Heroicouture wants to add more sophisticated options to geek fashion
Many people working in the geek fashion industry were inspired to enter the field because they didn’t see what they wanted to wear available. As a result of their work at companies big and small, the area expanded to offer more options than ever before. A lot of the gaps that once existed in geek fashion, especially for women, have been filled, but not all. There are still parts of geek fashion that can be improved and grown as well as new areas that can be added as fans continue to look for what they want to wear to express their fandom. Realizing there is still a need for a certain type of geek fashion is just what inspired Sandra Botero Mounts to create her company Heroicouture.
Heroicouture offers custom clothing in design styles you can choose from on their website. The company also sells accessories and Mounts is beginning to design her own fabrics too. Noticing a gap in current geek fashion is what inspired her to try her hand at making nerdy clothes. While she attended comic cons for many years, she didn’t have this realization until she started going to conventions with her boyfriend, now husband, artist Paul Mounts. While at his artist alley table, she saw how there weren’t too many geeky sophisticated options for women. Not seeing what she wanted to wear, she was soon making her own clothes, jewelry, and scarves to wear to comic cons and others noticed. According to Mounts, fellow fans would ask her where she bought what she was wearing and eventually, she began taking orders from them for pieces.
“I realized there was a kind of niche there. A market for women who were not necessarily in their 20s or early 30s, maybe a little bit older for lack of a better way of putting it, that wanted to wear nerdy clothing, but without it screaming out at you,” she told GeekFold. “There’s a lot of wonderful clothing out there that does scream out at you and if I was younger I’d probably wear it, but at my age it’s probably not that appropriate.”
Looking at what is currently available in geek fashion, Mounts told GeekFold she thinks options now are fantastic and wishes they had been around when she was younger. Mounts has a daughter in her 20s who loves what’s available and wears items from Her Universe and others. It’s a very different selection from what Mounts saw when she was younger and would often have to wear men’s T-shirts that she would rework.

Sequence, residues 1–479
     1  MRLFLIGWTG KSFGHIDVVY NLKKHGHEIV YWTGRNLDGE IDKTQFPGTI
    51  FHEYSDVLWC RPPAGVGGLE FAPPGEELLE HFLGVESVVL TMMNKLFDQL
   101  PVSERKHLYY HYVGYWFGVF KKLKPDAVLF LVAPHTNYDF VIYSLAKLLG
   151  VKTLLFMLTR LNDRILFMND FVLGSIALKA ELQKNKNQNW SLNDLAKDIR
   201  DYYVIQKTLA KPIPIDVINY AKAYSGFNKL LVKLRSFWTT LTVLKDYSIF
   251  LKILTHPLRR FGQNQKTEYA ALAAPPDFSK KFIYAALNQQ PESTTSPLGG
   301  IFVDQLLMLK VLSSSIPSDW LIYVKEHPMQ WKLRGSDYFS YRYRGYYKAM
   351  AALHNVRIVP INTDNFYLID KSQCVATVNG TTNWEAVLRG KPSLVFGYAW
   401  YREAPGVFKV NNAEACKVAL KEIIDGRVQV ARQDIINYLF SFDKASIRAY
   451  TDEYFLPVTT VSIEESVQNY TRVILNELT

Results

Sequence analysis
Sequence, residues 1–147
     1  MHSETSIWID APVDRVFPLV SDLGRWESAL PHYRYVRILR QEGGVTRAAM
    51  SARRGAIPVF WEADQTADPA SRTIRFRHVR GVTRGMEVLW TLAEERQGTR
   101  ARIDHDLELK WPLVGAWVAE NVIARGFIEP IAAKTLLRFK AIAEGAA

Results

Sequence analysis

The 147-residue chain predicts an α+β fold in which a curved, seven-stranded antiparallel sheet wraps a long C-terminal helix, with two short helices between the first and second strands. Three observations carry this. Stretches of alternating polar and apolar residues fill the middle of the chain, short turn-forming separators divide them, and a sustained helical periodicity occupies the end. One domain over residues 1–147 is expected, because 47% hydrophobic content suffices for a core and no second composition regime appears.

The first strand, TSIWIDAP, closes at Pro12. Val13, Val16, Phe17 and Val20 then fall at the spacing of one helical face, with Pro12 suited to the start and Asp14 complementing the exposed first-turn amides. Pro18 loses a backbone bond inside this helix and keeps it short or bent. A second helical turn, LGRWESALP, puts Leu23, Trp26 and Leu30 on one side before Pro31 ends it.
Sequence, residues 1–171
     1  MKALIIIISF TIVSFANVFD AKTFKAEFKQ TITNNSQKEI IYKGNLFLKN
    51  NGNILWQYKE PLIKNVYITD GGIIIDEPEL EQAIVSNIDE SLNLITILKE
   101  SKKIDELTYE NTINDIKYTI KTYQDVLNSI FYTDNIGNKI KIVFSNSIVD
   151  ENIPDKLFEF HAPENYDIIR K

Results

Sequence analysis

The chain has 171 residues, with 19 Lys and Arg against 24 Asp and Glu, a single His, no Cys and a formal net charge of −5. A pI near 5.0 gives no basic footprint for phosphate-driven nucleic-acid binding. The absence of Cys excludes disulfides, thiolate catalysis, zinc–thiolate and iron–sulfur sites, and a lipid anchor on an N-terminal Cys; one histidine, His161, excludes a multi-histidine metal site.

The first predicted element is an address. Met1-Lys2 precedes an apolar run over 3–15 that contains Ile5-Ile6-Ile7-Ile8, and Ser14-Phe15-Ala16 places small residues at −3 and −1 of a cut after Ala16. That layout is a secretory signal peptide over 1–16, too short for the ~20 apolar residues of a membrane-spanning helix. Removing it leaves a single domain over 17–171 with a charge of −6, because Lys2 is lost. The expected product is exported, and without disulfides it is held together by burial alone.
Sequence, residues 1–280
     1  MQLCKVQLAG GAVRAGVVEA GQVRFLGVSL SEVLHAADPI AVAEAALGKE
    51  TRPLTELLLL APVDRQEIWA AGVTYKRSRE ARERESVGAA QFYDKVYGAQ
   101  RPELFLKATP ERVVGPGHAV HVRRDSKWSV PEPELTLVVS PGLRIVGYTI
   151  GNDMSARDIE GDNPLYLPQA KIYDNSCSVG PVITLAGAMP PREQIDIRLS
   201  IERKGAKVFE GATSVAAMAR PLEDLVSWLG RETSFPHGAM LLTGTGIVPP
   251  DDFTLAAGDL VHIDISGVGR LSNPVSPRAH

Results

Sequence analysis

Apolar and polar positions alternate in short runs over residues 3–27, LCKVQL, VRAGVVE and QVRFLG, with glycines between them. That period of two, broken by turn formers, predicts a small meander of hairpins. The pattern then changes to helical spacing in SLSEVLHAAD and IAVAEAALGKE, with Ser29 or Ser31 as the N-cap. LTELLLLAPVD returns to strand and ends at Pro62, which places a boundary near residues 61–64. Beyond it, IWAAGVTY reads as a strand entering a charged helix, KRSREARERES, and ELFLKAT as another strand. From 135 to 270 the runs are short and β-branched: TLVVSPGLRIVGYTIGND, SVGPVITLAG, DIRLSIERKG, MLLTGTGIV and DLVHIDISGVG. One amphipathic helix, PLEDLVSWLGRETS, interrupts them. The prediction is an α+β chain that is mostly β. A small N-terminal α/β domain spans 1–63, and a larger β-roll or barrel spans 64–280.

While Mounts loves what’s available, she does feel that most options don’t work for her. She told GeekFold she sees a lot of clothing that’s a little shorter and younger-looking than she would wear.
“What I hope to see [in the future] is more fashion along the lines of maybe skirts or dresses that are not short or too far above the knee. At the knee is fine, even a little bit above is fine, but a lot of things I see are miniskirts and there are a lot of dresses that are bodycon dresses,” she said. “I know Torrid is carrying more of Her Universe’s designs and clothing which is great and there are some of those I can definitely wear, but there’s still not a lot out there for even more sophisticated clothing if somebody wants to wear something to work and they just want a little subtle nerdiness.”
Her interest in fashion began at a young age, as did her interest in nerdy areas. She grew up in the ‘70s and early ‘80s during the time when Lynda Carter was Wonder Woman and Christopher Reeves was Superman. Wonder Woman was the only role model she seemed to identify with then.
“She was strong, smart, pretty, and all of those things and she didn’t lose who she was. Many times the role models for women were they cook and clean and they might work and they have children and that just wasn’t me,” Mounts said. “I wanted somebody strong that I identified with and as soon as I identified with Wonder Woman I started reading more comics and seeing there were other women who were very much like her in the sense that they were strong and intelligent and didn’t put up with men’s crap and that type of thing and men who accepted them for who they were. That’s what drew me to comic books. I just started reading more and more of them and I became a huge fan.”
She thought of becoming a fashion designer in high school, but Mounts explained she was pretty much told by her parents that was not going to be part of their plan for her.
“In those days I was not as aware as I am now of scholarships or even financial planning for that or anything of that nature. I pretty much thought if my parents aren’t paying for my college, what am I going to do? I have to do what they want me to do,” she said. “Of course years later I realized that wasn’t necessarily the case, but I never gave up my love of fashion and I’ve always been sewing and drawing. I did it as a hobby and I’ve been doing it as a hobby until I decided to do Heroicouture.”
Now with Heroicouture, Mounts hopes to grow the small business into a company that provides more options for geeks.
“I'd love to see Heroicouture as an inclusive geek fashion company, providing sophisticated clothing and accessories for all ages and sizes of women who prefer to show their fandom in different ways,” she said. “I'm looking forward to possible collaborations with other geek designers. I truly believe in lifting others up and supporting fellow geek fashion designers. There is always room for fresh ideas and contrasting styles in this new fashion ‘genre.’ I'm a true believer in that helping others we help ourselves.”
There is certainly a need for more office wear and similar chic geek styles, despite the area growing in recent years, alongside the more obvious options. It’s an area ready for development by companies like Heroicouture with the spirit of wanting to not only offer all types of choices for all geeks but to work with others in the community as well to make sure everyone feels represented in geek fashion.
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